Lillian's Blog

May 28, 2015

Mental and Verbal Reading

Filed under: Uncategorized — register1 @ 9:46 pm

It’s actually tempting for me to solely read silently, which is reading in my mind. I think, okay, I wrote the chapter and it’s completed after editing, but I also understand that I can’t take a short cut. Even when I feel that a chapter within the whole manuscript doesn’t need a second view, I cannot edit the next chapter until I read it out loud.

I think mind reading is to expand more creative thoughts before including some of it on paper and verbal reading is more towards making the writing comprehensible. I have three ways to give clarification.

One, I think of a manuscript as a thick object that contains words as if it’s pieces of metals that can make a sound when it passes through a metal detector. If something is off, meaning a grammatical error, syntax, redundancy, and/or sequences, then the sound will be alerted by voice when read out loud.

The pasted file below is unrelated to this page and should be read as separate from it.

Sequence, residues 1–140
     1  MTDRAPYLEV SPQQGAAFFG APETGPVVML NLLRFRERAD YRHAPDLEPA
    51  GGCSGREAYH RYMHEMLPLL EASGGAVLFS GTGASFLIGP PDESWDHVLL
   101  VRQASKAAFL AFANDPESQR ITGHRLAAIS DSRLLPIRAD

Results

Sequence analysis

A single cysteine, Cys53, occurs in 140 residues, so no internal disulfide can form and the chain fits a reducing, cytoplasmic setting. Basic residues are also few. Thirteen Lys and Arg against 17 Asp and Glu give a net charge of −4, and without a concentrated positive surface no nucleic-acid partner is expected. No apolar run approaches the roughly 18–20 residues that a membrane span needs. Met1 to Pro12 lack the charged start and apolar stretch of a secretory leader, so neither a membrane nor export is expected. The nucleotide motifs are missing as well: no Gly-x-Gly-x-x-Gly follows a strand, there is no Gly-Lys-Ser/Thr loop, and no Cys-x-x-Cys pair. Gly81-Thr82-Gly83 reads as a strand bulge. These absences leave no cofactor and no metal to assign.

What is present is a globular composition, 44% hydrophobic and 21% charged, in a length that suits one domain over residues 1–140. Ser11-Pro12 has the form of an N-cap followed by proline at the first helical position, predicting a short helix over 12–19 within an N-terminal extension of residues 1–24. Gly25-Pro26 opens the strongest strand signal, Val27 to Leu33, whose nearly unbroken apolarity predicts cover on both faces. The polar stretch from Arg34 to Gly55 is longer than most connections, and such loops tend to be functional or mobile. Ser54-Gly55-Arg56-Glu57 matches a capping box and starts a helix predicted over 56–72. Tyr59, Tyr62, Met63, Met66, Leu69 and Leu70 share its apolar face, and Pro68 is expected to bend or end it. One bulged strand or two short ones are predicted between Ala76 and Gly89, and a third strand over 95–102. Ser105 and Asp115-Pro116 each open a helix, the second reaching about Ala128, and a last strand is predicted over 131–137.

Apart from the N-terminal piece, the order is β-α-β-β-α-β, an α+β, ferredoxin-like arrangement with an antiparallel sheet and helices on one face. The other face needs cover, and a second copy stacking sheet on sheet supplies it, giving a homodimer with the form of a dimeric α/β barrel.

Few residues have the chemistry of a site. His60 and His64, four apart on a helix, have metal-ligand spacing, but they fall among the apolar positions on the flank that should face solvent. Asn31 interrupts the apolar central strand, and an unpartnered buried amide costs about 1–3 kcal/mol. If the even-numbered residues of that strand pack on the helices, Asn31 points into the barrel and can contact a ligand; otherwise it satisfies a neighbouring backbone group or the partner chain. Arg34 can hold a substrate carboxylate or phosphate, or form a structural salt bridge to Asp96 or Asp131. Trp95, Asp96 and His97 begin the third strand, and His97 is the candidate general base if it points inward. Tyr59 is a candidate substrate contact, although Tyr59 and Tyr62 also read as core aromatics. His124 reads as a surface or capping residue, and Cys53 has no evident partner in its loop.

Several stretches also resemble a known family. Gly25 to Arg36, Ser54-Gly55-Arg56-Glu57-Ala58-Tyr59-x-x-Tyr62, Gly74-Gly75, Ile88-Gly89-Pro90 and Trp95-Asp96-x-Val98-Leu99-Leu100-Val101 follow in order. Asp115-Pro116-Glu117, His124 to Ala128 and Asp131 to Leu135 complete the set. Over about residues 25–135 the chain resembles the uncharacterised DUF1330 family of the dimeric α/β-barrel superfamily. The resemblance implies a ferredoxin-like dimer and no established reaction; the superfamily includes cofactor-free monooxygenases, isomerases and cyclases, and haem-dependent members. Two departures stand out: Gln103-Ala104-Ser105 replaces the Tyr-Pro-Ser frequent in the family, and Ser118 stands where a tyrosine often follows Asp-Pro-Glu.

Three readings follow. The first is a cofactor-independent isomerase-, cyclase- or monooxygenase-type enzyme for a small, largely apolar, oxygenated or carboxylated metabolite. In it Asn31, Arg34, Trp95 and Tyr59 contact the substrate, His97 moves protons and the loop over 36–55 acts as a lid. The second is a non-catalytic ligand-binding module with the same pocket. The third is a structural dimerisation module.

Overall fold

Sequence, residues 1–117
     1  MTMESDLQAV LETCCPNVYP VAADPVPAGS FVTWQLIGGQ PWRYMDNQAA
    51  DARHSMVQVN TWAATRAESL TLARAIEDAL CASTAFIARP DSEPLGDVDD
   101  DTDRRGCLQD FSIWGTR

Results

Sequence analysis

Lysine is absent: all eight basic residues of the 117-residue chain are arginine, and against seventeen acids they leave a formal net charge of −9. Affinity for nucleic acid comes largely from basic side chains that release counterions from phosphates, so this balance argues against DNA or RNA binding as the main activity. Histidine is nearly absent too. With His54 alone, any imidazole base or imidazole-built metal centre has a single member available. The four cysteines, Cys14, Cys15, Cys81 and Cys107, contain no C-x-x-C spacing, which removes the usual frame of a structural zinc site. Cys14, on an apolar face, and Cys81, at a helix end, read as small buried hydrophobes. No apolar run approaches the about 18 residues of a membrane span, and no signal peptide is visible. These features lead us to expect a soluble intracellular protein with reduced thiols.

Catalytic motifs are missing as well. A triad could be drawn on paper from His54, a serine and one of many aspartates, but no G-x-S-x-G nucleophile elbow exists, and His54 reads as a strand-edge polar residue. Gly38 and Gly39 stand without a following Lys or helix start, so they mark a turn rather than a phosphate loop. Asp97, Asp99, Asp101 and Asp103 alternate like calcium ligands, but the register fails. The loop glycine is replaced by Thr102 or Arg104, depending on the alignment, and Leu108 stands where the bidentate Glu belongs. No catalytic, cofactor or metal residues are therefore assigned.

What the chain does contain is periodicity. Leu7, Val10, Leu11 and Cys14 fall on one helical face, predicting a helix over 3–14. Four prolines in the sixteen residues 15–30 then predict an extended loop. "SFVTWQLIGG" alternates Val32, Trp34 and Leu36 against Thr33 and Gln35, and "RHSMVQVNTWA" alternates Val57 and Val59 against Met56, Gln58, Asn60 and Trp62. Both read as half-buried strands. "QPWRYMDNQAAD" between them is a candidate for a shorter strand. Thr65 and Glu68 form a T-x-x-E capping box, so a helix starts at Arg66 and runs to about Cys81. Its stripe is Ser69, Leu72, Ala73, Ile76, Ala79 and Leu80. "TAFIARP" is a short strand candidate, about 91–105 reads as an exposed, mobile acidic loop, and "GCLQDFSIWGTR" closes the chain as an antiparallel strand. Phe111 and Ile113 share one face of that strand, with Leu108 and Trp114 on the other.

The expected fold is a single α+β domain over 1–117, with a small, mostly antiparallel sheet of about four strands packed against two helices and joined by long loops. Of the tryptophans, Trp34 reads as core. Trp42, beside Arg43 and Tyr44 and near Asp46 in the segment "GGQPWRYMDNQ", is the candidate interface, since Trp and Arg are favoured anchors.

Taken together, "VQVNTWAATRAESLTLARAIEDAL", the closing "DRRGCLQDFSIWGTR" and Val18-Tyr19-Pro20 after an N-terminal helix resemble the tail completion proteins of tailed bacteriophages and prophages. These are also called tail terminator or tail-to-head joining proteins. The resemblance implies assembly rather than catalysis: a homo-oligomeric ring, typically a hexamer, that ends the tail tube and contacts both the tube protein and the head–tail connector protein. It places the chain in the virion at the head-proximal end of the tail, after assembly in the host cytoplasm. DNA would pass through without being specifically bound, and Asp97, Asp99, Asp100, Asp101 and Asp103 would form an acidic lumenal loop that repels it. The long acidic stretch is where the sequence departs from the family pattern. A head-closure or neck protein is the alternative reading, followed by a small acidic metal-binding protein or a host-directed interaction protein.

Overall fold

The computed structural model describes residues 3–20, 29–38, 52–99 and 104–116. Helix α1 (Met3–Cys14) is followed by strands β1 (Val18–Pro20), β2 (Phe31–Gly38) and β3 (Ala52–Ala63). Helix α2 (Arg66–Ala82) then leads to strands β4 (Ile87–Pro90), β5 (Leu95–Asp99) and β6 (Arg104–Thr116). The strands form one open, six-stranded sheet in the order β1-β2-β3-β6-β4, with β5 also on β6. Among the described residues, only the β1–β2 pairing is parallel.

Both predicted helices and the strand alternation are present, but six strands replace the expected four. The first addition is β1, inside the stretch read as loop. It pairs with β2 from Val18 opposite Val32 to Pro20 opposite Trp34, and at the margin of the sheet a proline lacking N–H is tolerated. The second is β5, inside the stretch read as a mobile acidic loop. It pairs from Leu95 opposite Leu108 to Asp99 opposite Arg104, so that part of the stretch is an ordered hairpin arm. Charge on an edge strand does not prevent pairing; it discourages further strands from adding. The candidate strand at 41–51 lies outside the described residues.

Second, I think verbal reading gives structure to the pages as if it was puzzle pieces and mental reading gives structure as if it was the board itself. Doing both silent reading and verbal reading makes the chapter come together and hold has a complete puzzle on the board.

Third, I view verbal reading as literally reading it through like an important letter or a contract just to make sure that the content isn’t confusing and made clear.

Once reading it out loud, the chapter is moving easily such as a paragraph that was meant to be shifted somewhere else is moved to its rightful place on the page.

Writers should not confuse this explanation with the artistic approach. I believe every author, especially those who write fiction, have their own style of writing and overall rhetorical approach, but I also think every author can make a wise guess when the story is in conflict with unnecessary errors. First be creative and then read it as a prose. With verbal and mental reading, one is needed for a certain element to strengthen the manuscript and the use of both tactics maximizes the evolution of the manuscript.

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